If you are towing a trailer or camper, it is critically important to have the right tire pressure for towing. This will ensure that your vehicle is safe to tow and that you do not damage your equipment.
The best tire pressure for towing is between 35 and 65 psi, depending on your vehicle and the weight of your trailer.
Obviously, this is a pretty wide range! Don’t worry, we’ll help you narrow it down.
In this guide, we will discuss the different things you need to consider when choosing the correct tire pressure for your adventure.
We will also provide some tips on how to adjust your pressure depending on the weight of your load for the best results.
The Right Tire Pressure For Towing
As we covered earlier, there’s a broad range (typically between 35 and 65 psi) for the best tire pressure for towing.
That’s a big range, and it comes down to a few different factors that we’ll cover now.
Here’s the secret. It all depends on what type of tire you have, and the max pressure your tire can handle.
Type Of Tire
There are two main types of tires seen on tow vehicles: P-Metric tires and LT tires.
P-Metric tires are passenger vehicle tires, meant for use on cars, minivans, SUVs, or light-duty trucks.
If your tire doesn’t have a letter in front of it on the sidewall, it is a P-Metric tire.
LT tires (short for light truck tires), which are for heavy loads, including off-roading and towing.
They have reinforced sidewalls and treads that protect the tire from damage under heavy loads.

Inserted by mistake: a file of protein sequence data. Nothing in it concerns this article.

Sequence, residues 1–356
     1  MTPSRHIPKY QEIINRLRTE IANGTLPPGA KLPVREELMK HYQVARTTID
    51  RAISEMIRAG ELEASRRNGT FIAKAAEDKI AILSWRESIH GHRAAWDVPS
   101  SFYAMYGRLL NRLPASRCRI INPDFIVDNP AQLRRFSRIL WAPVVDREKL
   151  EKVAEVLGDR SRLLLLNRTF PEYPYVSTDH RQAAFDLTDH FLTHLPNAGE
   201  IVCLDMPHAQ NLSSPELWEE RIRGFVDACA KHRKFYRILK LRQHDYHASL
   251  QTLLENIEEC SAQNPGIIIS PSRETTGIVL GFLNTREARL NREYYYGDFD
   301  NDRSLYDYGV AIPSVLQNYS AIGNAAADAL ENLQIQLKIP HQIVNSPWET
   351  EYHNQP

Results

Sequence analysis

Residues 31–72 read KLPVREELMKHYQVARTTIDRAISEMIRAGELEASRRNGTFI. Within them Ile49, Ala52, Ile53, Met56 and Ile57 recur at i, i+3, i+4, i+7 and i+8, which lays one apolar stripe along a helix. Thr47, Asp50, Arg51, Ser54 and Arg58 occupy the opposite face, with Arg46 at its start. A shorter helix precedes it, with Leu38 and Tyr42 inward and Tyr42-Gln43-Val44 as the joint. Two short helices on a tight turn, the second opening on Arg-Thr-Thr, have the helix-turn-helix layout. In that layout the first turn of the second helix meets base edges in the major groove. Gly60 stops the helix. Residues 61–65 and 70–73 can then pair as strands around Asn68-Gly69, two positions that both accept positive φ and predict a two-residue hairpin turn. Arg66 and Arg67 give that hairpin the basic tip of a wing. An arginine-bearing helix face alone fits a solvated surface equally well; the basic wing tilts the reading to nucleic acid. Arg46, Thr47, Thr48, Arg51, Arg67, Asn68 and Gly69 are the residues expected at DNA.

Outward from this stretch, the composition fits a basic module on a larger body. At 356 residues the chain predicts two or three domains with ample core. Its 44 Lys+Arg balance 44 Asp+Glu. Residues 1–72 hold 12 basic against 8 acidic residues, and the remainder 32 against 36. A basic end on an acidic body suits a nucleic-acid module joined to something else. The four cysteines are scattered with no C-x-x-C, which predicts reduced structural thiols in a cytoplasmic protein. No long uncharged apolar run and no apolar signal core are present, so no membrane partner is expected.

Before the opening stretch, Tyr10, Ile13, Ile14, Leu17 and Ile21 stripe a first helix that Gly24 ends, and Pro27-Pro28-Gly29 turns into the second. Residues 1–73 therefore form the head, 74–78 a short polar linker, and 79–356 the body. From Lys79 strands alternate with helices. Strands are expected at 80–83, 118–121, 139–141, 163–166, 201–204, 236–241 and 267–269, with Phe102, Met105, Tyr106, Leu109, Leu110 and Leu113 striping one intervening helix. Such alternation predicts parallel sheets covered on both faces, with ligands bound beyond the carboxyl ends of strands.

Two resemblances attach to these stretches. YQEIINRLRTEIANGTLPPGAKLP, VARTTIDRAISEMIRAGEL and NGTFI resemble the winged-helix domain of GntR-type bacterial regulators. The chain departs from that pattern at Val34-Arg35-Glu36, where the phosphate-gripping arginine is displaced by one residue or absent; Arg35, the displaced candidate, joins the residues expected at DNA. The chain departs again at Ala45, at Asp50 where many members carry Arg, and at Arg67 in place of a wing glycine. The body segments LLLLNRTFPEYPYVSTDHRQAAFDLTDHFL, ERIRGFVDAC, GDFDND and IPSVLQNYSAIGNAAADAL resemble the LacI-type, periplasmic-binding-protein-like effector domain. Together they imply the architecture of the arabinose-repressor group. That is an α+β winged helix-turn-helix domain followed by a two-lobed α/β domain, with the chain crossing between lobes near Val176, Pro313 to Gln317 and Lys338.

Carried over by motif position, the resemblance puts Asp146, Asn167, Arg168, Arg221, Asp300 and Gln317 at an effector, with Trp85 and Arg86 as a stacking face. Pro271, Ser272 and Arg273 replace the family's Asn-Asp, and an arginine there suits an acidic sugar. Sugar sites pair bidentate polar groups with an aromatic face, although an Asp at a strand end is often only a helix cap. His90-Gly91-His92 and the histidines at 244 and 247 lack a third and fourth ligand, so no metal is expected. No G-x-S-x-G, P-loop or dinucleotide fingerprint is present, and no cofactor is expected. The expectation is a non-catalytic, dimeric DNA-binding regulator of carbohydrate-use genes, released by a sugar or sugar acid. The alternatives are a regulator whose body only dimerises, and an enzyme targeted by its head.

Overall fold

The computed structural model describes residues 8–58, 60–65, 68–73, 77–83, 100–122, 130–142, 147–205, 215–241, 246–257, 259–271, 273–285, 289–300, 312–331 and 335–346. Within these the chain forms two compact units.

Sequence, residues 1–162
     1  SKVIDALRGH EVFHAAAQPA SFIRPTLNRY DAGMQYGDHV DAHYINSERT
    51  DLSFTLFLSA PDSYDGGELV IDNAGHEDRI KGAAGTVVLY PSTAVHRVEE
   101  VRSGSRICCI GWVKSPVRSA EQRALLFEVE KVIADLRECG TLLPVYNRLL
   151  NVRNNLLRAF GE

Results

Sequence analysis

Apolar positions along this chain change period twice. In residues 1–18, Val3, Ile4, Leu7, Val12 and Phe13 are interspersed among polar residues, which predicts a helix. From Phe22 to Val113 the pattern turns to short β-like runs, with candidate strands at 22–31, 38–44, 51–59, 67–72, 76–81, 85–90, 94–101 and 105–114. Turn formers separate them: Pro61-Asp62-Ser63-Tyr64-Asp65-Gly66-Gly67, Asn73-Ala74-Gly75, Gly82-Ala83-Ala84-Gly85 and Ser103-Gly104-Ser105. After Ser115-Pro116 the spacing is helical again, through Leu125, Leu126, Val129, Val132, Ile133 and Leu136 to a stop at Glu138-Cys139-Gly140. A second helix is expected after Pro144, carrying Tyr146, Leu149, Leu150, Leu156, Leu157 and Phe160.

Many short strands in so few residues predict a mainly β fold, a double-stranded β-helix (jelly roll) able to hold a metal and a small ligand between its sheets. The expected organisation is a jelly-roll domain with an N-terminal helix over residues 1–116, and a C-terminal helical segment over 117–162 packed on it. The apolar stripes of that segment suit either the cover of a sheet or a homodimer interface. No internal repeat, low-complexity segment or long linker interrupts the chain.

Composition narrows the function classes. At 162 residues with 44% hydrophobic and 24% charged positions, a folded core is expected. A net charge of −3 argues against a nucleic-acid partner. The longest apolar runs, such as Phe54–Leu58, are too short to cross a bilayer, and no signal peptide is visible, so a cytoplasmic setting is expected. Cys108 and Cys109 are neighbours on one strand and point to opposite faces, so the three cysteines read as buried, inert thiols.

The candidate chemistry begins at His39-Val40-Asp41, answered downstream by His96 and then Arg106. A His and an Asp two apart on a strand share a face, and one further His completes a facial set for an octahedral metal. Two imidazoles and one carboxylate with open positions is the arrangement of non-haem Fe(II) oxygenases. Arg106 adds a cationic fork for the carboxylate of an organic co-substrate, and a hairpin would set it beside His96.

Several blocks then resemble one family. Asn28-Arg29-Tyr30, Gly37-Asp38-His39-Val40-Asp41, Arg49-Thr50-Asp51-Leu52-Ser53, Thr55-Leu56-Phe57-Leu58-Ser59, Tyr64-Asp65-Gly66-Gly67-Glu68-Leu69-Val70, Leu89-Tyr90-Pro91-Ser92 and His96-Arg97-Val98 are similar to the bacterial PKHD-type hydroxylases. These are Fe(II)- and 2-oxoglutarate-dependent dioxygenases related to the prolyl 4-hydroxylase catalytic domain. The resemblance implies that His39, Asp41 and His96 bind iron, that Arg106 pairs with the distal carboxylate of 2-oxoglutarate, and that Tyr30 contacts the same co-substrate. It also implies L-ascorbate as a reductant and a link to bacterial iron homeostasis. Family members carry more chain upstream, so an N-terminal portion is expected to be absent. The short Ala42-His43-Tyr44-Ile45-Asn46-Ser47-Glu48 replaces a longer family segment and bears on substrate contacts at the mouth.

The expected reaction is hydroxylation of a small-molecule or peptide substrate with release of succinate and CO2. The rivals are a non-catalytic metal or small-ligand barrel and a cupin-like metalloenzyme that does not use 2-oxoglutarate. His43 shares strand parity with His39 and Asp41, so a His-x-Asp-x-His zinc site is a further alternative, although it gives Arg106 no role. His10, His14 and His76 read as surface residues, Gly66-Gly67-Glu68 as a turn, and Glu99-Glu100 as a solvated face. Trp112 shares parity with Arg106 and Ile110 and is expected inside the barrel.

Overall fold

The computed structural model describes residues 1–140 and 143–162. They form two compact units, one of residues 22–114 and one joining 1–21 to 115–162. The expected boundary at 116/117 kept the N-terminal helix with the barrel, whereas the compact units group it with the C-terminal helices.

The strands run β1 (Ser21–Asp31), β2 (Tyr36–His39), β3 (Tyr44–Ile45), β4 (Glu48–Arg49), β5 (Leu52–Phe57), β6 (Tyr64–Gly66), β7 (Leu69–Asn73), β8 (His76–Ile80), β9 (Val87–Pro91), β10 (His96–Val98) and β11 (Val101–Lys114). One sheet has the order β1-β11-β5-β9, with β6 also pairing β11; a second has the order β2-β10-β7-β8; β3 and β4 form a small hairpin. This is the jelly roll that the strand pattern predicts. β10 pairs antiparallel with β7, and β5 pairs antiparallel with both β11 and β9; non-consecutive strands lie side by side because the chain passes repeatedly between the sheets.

So why does this matter?
Each tire behaves differently and has different idea towing pressure limits, so it’s important to understand which tire you have before we continue.
Before we can figure out the correct tire pressure for towing, we’ll also need to know the max pressure of your tire.
You can find this on the sidewall of your tire, usually indicated as a number in parentheses followed by “psi” or “psi max”.
So for example if we had a tire with a reading of 44 psi max, that tells you the absolute maximum tire pressure it can handle is 44 psi.
Always Use Cold Inflation Pressure Measurements
All specifications from tire and vehicle manufacturers are based off of cold pressure measurement, aka cold psi.
This means the inflation pressure of tires before the car or trailer are driven and the tires are “warmed up”.
Why does this matter?
Well, “hot” or warmed up tire pressures average about 5 psi higher than when checked if cold, throwing everything out of balance.
What’s more, your psi will lower as the tires “cool down”, leaving you with the wrong pressure in your tires for towing.
The Best Tire Pressure For Towing With P Tires
You should always set your tire pressure to the vehicle manufacturer’s specifications when towing with P-tires.
There’s no exception.
Even if your passenger tires show a higher max load, it will not add towing capacity or additional stability when towing.
The vehicle manufacturer’s max psi recommendation is there for a reason: to provide you with a guideline of tire pressure so that your vehicle’s tires can best handle the maximum capacity of your vehicle, including when towing.
Again, the best tire pressure for towing with passenger tires is the vehicle’s manufacturer specifications.